In a decision that could open the way for college athletes to receive some pay, the U.S. Supreme Court ruled Monday that the National Collegiate Athletic Association can’t block payments to student-athletes.
The unanimous ruling concerned only payment and other benefits bearing a relationship to the student’s education, but might have a wider application in practice, according to The New York Times.
“Nowhere else in America can businesses get away with agreeing not to pay their workers a fair market on the theory that their product is defined by not paying their workers at a fair market rate,” wrote Justice Brett Cavanaugh.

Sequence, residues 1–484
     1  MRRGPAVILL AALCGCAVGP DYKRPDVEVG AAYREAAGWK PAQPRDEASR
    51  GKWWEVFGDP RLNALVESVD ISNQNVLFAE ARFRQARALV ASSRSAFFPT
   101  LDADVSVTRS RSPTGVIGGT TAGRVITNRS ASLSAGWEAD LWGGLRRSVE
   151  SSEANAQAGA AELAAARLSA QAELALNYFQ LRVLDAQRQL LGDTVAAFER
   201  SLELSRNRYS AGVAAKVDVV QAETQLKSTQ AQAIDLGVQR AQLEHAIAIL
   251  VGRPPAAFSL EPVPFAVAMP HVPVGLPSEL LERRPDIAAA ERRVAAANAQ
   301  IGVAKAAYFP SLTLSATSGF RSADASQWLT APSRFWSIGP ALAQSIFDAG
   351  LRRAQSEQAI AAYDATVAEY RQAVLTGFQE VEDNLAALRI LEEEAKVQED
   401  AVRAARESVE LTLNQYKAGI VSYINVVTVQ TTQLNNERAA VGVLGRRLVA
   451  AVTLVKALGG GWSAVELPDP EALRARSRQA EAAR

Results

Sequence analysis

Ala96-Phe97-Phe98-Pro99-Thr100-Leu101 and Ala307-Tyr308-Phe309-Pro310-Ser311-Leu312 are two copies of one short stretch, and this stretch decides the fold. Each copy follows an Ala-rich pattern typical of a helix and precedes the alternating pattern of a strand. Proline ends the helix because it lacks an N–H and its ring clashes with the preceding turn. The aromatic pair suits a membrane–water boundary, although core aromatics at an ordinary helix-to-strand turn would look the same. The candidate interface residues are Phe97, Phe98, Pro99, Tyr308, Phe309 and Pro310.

The NCAA, in a statement, chose to represent the ruling as a victory. The ruling “affirms the NCAA’s authority to adopt reasonable rules.”
In six states, new laws will allow student athletes to be paid for endorsing products and services, a change, which could ultimately affect the status of the term “amateur.” Those laws will go into effect on July 1 in Alabama, Florida, Georgia, Mississippi, New Mexico and Texas.
Categories: The Wider World